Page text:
I am not sure I have ever (knowingly) eaten Egyptian food before. Recently I travelled to Kensington to try Alexandrie, a restaurant which has had a revamp and now offers a taste of Egypt in a glamorous dining room. Tucked away on Kensington Church Street, with barely a sign to indicate its whereabouts, it would be easy to walk straight past Alexandrie.
My grandparents and I sat in a lovely window table which I was pleased to find had plenty of natural light for my photographs. The small dining room was filled with neatly arranged white table-clothed tables, bright gaudy artworks and glitzy chandeliers, a strange mix of design features which made the eatery feel rather dated. There was only one other table occupied in the small restaurant which sadly meant the lack of atmosphere was rather obvious throughout our meal.
The quiet but helpful waiter handed out the lunch offer for the day, a very confusingly laid out list of vegan, vegetarian, fish and meat options, priced at £13.95 for two courses (+ £4.95 for additional dessert). We opted for a mix of the vegetable and meat dishes, so I could sample a range of the chef’s specialities.
To start we had a platter of Hummus, baba ganoush and aubergine salad which was pleasant but a little uninspiring. The soups however, were delicious. Cream of cauliflower was wonderfully smooth and creamy, with a sprinkle of fragrant spices and earthy truffle oil. Red Lentil soup was our favourite, a perfectly comforting winter dish, with a hint of lemon balm and lovely seasoning from the garlic croutons.
The main courses arrived very promptly… with so few people to serve I guess the chef was able to make the food very efficiently. These plates looked less appetising, especially the Chicken roulade, which tasted nice but looked a mess on the plate. Ratatouille with grilled halloumi was a simple dish ideal for vegetarians. The Lamb okra with saffron rice was the least successful, a dry meat dish cooked with sloppy pieces of okra which didn’t add any flavour.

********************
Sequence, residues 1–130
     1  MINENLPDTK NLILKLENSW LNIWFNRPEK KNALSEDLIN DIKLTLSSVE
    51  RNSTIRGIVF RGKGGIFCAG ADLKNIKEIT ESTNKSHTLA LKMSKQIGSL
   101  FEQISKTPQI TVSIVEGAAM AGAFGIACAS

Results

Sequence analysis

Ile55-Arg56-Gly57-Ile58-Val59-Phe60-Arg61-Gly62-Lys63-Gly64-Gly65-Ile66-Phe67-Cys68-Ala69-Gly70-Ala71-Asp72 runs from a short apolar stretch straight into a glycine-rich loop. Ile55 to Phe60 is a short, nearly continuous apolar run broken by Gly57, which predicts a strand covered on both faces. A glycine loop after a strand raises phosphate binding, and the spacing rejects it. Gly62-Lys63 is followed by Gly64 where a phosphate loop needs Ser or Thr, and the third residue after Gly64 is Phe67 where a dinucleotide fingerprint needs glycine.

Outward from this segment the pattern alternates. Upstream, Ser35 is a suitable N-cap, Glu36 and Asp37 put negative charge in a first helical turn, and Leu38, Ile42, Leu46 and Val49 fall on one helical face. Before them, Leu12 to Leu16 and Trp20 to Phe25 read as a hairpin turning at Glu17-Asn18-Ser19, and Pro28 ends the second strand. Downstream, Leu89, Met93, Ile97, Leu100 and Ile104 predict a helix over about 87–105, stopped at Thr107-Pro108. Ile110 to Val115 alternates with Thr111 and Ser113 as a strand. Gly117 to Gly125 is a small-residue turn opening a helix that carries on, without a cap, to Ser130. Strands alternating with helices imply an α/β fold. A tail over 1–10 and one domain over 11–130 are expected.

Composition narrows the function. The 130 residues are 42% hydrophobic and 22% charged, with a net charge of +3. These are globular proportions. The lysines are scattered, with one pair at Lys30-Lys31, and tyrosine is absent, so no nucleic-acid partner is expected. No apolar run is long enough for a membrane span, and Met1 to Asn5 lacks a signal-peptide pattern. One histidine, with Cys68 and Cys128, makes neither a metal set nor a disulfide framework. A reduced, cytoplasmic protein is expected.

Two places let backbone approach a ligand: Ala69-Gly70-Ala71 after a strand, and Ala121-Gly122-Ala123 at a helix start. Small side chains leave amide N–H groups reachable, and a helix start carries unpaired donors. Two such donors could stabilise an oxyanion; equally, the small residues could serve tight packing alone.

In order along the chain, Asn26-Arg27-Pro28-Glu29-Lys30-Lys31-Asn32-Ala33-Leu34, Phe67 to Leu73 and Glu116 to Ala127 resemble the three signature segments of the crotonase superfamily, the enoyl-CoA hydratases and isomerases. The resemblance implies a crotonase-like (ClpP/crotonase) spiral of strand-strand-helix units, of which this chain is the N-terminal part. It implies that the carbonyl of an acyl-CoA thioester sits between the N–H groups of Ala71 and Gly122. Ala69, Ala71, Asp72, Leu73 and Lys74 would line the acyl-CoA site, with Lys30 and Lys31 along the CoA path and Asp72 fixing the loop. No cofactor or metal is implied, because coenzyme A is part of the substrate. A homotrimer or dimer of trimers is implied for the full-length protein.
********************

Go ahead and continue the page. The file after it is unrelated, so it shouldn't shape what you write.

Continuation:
To drink with our meal we chose a bottle of the 2013 Chene Bleu rose wine, which was a hit at our table. A lovely rose wine that was both delicate and balanced, it would complement any lunchtime meal.
Desserts were an education in Egyptian sweet recipes. Mehalabeya was a delicious, palate-cleansing milk pudding with crunchy candied pistachios on top. The second dessert, named Omali was extremely odd. It was described on the menu as a crisp filo pastry baked in a rich cream with a touch of vanilla, topped with baked almond flakes… but it didn’t really taste of any of those ingredients, apart from the toasted almonds, which were piled high on top. There was a lack of natural sweetness and the texture, under-baked pastry soaked in milk, was quite unappealing.
The lunch menu at Alexandrie is good value, the lack of atmosphere and hit-or-miss dishes left me wondering if this restaurant is more dependable for an evening meal.
More information and book a table at Alexandrie Restaurant here.